Putting the experience in focus
Amid a storm of congratulatory calls, Dr. Dolly found a singular Facebook message from an old friend from residency. The friend said she was a little worried about Dr. Dolly, because the article hinted that she might be compartmentalizing her own trauma.
Next, the friend suggested she take some time to understand what was happening internally. As a starting point, she recommended a book—Laura van Dernoot Lipsky’s Trauma Stewardship: An Everyday Guide to Caring for Self While Caring for Others.
“The whole world was congratulating me, but my friend, who’s a child abuse specialist, is like, ‘I don’t think you’re okay.’” Dr. Dolly says, admitting that she wasn’t. “So I read the book. And it was so good. That was my centering point.”
Dr. Dolly took a look in the mirror. She got some help. And she spent a lot more time focusing on who she was, what she wanted to do, and how she could accomplish it while staying healthy and happy.
She decided that her lifelong goal—to uphold her sense of responsibility by making a difference—was a noble one that was worth doing. But she began to realize that she had framed it incorrectly. “If fixing everyone else’s problems is the focus of your work, you let yourself down a lot,” she explains. “Because you’re never going to fix all the problems.”
We can’t do everything at once. But I think if the goal is to be present and say, ‘I may not fix your problem, but I’m here with you, and I hear you, and I’m going to try my best,’—that’s what it’s all about.”
Reflection and insights from the book helped her recognize the significance behind the Atlantic article, the moment where she held the little girl in her arms, and all the phone calls and messages she received from friends. At the time, she believed she had fallen short and didn’t do anything to help the children on Ursula Avenue. But now she realized she did the best she could do—the best anyone could have done in that scenario—by being present with them.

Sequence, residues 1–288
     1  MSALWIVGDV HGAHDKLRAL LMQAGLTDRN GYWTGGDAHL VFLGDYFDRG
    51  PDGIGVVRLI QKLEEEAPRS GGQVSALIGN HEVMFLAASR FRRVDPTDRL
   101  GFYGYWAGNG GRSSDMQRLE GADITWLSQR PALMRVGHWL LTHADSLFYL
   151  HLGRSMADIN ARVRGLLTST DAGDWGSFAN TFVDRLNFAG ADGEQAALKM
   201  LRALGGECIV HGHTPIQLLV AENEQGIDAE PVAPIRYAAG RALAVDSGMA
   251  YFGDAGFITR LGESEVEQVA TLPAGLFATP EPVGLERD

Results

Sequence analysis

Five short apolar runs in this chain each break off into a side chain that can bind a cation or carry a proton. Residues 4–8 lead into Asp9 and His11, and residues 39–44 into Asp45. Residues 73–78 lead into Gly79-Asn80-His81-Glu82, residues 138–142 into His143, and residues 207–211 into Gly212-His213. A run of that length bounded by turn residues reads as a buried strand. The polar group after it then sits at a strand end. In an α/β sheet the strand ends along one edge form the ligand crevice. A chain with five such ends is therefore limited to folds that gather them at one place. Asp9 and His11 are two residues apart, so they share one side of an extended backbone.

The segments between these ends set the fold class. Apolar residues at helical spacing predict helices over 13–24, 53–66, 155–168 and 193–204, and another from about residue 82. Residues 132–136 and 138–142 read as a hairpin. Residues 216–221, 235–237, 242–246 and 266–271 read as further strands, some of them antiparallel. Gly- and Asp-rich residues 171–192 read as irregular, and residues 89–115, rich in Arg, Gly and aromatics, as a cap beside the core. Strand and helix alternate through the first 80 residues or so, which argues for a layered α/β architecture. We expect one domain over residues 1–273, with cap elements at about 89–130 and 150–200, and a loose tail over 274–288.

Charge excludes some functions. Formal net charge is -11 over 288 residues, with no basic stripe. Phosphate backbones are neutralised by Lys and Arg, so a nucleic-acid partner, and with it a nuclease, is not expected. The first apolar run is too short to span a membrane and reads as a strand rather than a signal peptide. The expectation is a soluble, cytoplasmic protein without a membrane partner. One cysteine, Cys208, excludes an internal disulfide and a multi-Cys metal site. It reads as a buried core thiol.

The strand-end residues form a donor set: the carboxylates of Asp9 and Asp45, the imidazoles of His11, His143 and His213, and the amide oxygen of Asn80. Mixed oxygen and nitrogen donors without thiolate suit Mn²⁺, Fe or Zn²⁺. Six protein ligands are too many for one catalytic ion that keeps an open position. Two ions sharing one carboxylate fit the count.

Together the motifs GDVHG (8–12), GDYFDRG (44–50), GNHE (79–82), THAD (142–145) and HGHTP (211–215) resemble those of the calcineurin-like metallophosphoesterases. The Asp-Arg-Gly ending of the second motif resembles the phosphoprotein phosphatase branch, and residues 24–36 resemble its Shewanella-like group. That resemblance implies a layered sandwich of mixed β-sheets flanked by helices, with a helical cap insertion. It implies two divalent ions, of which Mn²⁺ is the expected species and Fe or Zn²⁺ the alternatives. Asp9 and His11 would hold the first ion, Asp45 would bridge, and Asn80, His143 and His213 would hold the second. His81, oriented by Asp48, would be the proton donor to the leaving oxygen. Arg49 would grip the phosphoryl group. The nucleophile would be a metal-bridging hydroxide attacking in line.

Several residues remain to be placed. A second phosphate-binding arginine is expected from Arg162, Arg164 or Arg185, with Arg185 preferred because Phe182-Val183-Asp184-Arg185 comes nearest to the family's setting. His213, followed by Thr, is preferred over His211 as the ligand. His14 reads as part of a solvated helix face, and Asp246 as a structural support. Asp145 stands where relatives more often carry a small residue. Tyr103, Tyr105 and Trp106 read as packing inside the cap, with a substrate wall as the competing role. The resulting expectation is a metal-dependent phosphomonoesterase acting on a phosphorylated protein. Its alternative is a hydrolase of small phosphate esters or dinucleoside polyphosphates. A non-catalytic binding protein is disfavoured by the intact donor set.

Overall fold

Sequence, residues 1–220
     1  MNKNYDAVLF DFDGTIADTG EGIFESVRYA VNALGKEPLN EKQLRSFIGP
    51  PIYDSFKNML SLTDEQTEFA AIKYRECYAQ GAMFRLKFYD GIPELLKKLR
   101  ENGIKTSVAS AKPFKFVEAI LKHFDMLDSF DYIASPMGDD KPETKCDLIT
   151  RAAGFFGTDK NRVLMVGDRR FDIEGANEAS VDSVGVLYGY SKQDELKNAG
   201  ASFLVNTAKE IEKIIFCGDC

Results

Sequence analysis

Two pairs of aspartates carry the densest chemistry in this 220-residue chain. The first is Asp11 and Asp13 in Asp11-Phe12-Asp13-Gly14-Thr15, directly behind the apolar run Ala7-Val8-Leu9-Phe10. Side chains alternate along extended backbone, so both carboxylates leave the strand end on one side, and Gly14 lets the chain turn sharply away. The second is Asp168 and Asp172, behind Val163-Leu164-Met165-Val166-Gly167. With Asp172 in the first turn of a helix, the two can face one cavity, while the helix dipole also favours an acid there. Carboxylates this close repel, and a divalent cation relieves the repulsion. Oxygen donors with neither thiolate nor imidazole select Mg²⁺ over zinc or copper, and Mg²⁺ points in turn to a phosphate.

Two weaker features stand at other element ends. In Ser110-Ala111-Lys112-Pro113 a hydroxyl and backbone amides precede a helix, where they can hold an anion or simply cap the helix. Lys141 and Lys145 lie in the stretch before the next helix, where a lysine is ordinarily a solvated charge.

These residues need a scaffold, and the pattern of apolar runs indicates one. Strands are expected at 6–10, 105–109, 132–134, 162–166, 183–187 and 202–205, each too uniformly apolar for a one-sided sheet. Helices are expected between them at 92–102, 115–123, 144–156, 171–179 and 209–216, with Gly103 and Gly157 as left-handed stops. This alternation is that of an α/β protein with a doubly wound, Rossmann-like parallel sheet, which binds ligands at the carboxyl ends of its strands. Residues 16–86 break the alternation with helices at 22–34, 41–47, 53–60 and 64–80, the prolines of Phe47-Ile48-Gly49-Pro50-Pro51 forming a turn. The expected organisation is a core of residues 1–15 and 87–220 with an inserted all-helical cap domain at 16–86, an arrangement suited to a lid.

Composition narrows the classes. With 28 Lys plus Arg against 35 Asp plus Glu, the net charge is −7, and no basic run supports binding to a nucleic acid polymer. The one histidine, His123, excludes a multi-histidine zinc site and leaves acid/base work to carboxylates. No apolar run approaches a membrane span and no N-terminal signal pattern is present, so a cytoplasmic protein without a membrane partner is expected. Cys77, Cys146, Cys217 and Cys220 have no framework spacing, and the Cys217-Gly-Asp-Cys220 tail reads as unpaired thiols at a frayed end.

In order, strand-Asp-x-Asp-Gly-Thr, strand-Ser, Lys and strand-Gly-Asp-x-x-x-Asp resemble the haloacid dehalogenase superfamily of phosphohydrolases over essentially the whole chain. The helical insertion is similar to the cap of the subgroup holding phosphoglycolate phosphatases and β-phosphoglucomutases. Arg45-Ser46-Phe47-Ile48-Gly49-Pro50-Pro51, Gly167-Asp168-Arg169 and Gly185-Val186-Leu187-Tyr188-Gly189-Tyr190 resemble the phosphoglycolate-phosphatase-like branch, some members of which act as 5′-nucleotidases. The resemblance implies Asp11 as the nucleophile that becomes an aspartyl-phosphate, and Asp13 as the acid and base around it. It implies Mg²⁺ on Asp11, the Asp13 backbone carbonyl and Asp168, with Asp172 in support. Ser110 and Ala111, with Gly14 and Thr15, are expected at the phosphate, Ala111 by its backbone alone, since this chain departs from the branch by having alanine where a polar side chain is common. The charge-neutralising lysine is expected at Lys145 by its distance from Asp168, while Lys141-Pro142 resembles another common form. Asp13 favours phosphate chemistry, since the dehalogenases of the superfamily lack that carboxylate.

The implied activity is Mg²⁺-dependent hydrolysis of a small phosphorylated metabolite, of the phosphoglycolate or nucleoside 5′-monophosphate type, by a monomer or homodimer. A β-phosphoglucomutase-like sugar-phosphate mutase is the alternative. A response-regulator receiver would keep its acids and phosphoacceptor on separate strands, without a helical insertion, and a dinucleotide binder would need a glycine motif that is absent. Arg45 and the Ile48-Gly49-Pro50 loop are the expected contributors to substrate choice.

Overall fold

“I went and I held a little girl, did that change her life? No. But in that moment, I comforted her,” she says. “When there’s nothing to do, what you have to do is just be there. And that’s so true of my career as a pediatrician. I think if we’re pursuing this goal of ‘I’m always going to fix you, I’m going to be the most productive or the most successful,’ we’re all going to fall short. We can’t do everything at once. But I think if the goal is to be present and say, ‘I may not fix your problem, but I’m here with you, and I hear you, and I’m going to try my best,’—that’s what it’s all about.”
Making the right kind of difference
That’s the philosophy behind Dr. Dolly’s independent practice, aptly named Mindful Pediatrics, launched in February 2020 in Brownsville. Practicing independently allows her to define the metrics for success, which have less to do with doing and more with being—being present with patients and their families during troubling times, being transparent with them about their health, and being realistic with herself about what she can and can’t accomplish.
On the business side, she manages operations so that she retains maximum time to mindfully practice pediatrics. She’s the only physician and employs just one medical assistant and one front desk clerk—all three know their patients well. The practice is new and, like any small business, must navigate uncertain waters as thousands of new cases of COVID-19 pop up across Texas every day. But for Dr. Dolly, that’s secondary to the fact that she gets to be present with people who need her.
She knows she’s helping. She knows she’s doing enough. And that’s made quite the difference.